• The post-coup trials are political in nature;
  • There is no judicial independence;
  • Turkey’s authorities show contempt for the ECHR rulings;
  • Mass prosecution of Lawyers
  • Turkey’s abuse of Interpol System;
  • British Court Rejects Ankara’s Extradition Request
  • Perils of Extradition

The second part of the study will elaborate on each theme outlined above in its quest to build up a case against extradition.

Post-Coup Trials Are Politically Motivated

Foreign judges and courts must consider the fact that the major consensus among human rights organizations and Turkey observers is that the majority of the trials appear to be politically motivated. There are a number of cases that indisputably show how Turkey’s authorities simply elbowed aside the central tenets of rule of law and fair trial when they imprisoned rights activists, journalists, politicians and all types of dissidents.

“The Ministry of Justice also reported that, between July 2016 and July 2018, “investigations have been opened into 612,347 persons alleged to be founders, executives, or members of armed organizations.” A majority of these were reportedly detained for alleged ties to the Gulen movement or the PKK, often with little due process or access to the evidence underlying the accusations against them,” the U.S. State Department noted in its report about human rights in Turkey.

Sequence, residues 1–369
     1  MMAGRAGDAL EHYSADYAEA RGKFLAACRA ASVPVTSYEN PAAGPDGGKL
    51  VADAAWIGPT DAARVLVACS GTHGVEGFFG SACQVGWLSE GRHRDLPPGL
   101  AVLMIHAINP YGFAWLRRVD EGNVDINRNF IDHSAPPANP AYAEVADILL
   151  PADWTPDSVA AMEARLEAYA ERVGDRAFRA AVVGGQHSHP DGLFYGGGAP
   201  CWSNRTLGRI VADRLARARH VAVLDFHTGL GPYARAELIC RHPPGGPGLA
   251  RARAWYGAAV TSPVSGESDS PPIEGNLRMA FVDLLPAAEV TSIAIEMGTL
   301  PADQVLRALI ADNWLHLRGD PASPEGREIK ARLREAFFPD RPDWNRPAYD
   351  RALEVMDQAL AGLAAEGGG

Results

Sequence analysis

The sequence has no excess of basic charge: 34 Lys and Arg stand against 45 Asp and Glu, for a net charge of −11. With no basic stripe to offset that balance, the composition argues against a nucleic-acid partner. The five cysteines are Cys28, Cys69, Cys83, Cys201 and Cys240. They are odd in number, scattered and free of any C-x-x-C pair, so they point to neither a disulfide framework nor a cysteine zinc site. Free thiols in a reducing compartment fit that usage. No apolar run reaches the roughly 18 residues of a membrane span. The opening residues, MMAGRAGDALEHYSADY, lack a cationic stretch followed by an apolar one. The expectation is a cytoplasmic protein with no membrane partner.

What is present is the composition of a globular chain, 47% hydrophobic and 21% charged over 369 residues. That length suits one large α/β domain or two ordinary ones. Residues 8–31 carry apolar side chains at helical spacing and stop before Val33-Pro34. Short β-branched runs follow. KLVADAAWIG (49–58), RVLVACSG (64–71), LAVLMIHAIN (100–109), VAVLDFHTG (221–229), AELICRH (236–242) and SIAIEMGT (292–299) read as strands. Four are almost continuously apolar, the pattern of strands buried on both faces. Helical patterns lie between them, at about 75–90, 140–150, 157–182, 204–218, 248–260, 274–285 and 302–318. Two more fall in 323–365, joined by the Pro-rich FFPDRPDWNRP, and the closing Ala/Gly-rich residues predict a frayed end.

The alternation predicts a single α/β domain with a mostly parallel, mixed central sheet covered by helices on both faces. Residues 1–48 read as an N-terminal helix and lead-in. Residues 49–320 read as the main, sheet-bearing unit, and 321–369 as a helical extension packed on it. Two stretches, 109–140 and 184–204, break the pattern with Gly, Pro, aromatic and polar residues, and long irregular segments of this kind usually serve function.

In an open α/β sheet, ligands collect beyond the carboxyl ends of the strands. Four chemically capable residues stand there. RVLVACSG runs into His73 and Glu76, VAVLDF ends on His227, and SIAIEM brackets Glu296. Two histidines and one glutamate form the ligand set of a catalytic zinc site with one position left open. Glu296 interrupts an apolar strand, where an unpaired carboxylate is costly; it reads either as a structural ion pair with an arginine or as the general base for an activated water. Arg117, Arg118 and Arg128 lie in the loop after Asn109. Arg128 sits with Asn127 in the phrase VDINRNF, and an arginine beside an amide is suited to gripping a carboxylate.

The Case of Amnesty International Activists: On July 5, 2017, the Turkish police detained 10 members of Amnesty International over terrorism charges and landed them in pretrial detention. The police raid took place when the activists were attending a cyber-security workshop on an island in the Marmara Sea.  Taner Kilic, the chairman of Amnesty’s Turkey branch, had already been detained in Izmir on similar charges, over membership to a terrorist organization.

The arrest rattled the entire world and was regarded as an assault on human rights itself. The London-based Amnesty International dismissed the charges as politically motivated.

“The use of criminal proceedings against human-rights defenders… is unfortunately an increasingly frequent phenomenon” in Turkey, said Nils Muiznieks, the Council of Europe’s Commissioner for Human Rights, according to Economist.